At boot time, Windows 10 waits for a time (30 seconds is the default) before proceeding. This delay is to give you time to choose a different operating system if you have set up a multi-boot system. If you are running only a single default system, then there is no real need to wait 30 seconds for nothing.

  1. Type the WinKey + X Hotkey combination to bring up the Power Menu
  2. Choose System
  3. In the left panel, choose Advanced system settings
  4. Click the Advanced Tab
  5. Under Startup and Recovery, click the Settings Button
  6. Change the Time to display list of operating systems Spinner to the number of seconds you would like

startup-delay-options

Bonus Tip

bootstrapsRe-start your PC. Yes, yes, I know. If you’ve ever called Tech Support anywhere on the planet, they always tell you to re-boot your computer. There is actually a pretty good reason for this. It will clear out your used memory, and stop unused processes; it basically gives you a clean slate to work with.


None of the above suggestions taken singly will likely give you much of a speed gain. However, when combined, you should notice a snappier, more responsive system.

Let me know how it goes for you,

Richard

About the Author

Richard Pedersen

Richard received his first computer, a C-64, in 1982 as a gift and began dabbling in BASIC. He was hooked! His love for computing has led him from the old “XT” boxes to the more modern fare and from clunky 10MB hard drives to smooth and fast modern day SSD drives. He has run BBS services, Fido mail, and even operated his own computer repair business.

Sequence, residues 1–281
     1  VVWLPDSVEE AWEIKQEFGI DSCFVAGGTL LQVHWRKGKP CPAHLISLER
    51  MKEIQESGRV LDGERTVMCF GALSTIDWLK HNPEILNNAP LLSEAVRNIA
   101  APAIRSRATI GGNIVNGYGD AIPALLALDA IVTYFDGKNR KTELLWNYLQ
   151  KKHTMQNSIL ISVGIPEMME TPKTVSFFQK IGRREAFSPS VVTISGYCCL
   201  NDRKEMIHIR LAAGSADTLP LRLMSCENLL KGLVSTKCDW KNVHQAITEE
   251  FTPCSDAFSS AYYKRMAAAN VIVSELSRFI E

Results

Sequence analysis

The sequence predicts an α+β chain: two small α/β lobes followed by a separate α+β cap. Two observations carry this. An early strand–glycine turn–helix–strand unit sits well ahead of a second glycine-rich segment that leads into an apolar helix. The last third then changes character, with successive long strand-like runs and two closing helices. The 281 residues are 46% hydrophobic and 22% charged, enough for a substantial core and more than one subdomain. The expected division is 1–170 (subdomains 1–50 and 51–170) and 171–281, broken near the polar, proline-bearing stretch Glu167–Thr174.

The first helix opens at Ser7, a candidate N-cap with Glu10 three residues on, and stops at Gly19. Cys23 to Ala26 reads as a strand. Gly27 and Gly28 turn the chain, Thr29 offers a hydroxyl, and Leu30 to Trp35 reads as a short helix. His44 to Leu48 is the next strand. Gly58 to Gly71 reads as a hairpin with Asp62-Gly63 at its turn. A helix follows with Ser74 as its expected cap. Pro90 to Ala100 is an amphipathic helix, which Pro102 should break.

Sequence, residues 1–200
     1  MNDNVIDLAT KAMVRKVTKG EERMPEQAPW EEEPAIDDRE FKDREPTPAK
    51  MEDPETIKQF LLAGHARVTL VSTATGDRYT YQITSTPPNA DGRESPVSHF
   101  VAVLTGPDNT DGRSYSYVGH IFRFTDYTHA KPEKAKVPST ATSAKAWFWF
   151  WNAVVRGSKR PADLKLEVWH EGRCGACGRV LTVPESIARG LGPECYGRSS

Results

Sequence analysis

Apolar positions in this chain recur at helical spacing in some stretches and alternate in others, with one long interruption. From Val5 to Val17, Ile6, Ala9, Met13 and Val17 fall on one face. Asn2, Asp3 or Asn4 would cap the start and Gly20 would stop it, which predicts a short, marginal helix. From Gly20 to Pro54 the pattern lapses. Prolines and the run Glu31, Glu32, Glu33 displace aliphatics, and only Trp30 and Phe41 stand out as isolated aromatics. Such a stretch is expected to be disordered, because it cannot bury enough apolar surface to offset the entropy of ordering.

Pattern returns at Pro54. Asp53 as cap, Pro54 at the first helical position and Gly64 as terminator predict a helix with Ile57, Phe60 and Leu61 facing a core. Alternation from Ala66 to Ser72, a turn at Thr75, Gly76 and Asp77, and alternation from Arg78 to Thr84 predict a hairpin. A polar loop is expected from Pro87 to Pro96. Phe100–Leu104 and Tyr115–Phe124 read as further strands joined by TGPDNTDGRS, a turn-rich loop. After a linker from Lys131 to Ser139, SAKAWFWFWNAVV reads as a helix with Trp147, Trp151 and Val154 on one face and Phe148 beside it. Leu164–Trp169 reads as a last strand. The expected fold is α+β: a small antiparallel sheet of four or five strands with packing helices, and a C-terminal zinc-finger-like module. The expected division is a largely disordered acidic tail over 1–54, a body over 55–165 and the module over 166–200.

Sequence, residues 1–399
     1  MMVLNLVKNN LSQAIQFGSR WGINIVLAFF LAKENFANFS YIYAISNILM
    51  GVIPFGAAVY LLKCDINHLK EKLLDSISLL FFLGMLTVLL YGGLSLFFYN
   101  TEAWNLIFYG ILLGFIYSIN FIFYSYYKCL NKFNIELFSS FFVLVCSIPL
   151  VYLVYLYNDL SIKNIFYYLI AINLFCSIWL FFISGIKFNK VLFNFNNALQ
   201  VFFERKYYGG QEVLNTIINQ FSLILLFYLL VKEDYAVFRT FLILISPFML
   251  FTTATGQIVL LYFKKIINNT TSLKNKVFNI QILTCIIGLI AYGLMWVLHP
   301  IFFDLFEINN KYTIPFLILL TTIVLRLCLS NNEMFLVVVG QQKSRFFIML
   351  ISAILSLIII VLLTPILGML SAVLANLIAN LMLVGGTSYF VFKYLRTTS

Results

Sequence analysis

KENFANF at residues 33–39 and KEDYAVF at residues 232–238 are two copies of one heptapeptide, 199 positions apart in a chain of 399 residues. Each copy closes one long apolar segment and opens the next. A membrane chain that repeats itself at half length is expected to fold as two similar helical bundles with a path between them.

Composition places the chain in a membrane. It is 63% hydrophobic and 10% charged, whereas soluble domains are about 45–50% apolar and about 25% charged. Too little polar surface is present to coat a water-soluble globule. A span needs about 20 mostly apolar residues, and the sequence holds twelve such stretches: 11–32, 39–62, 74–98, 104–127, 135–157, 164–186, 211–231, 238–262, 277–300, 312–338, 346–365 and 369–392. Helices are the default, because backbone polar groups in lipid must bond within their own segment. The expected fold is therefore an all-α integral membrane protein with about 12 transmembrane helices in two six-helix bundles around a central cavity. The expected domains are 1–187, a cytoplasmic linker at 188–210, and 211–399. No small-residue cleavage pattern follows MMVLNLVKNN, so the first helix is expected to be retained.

4 Comments

  1. Richard,

    I think these are good tips and I am going to try some of your suggestions on my weaker Windows 10 computers.

    Black Viper (http://www.blackviper.com/) has a nice breakdown of trimming your services that run in the background of windows to help free up resources.

    • Hi Robert,

      As you point out, older weaker systems are what this article aims at.

      Black Viper is one of those go-to sites if you want to tweak your Windows Services. I’ve followed his suggestions for years. He puts a lot of time into his posts and I believe he knows what he’s doing. My only doubt is how much difference it truly makes in the modern-day world. There was a time when it did matter. A lot! Computers these days are really fast and shouldn’t, and don’t, have a problem doing a bunch of stuff all at once.

      I doubt you’ll ever see a true, real-world speed increase by turning these services off and probably no more than you will by doing a lot of the stuff suggested in this article. It’s artificial. Sometimes, perception is all that matters. If it feels faster, that’s good enough for me regardless of the reasons.

      The exception would be on older systems (which you point out) and in that case, it all should apply,
      Richard

  2. Hello Richard,

    I have an older system, purchased on January 1, 2007, from Dell, and now running Windows 10. Still trying to nurse a few more miles out of it. The CPU is always overloaded, so your tips are most welcome. I just tried all of them. They were absolutely clear and easy to follow. No problems and they seem to help. Should add a few more years to the life of the old CPU.

    Many thanks!

    Jack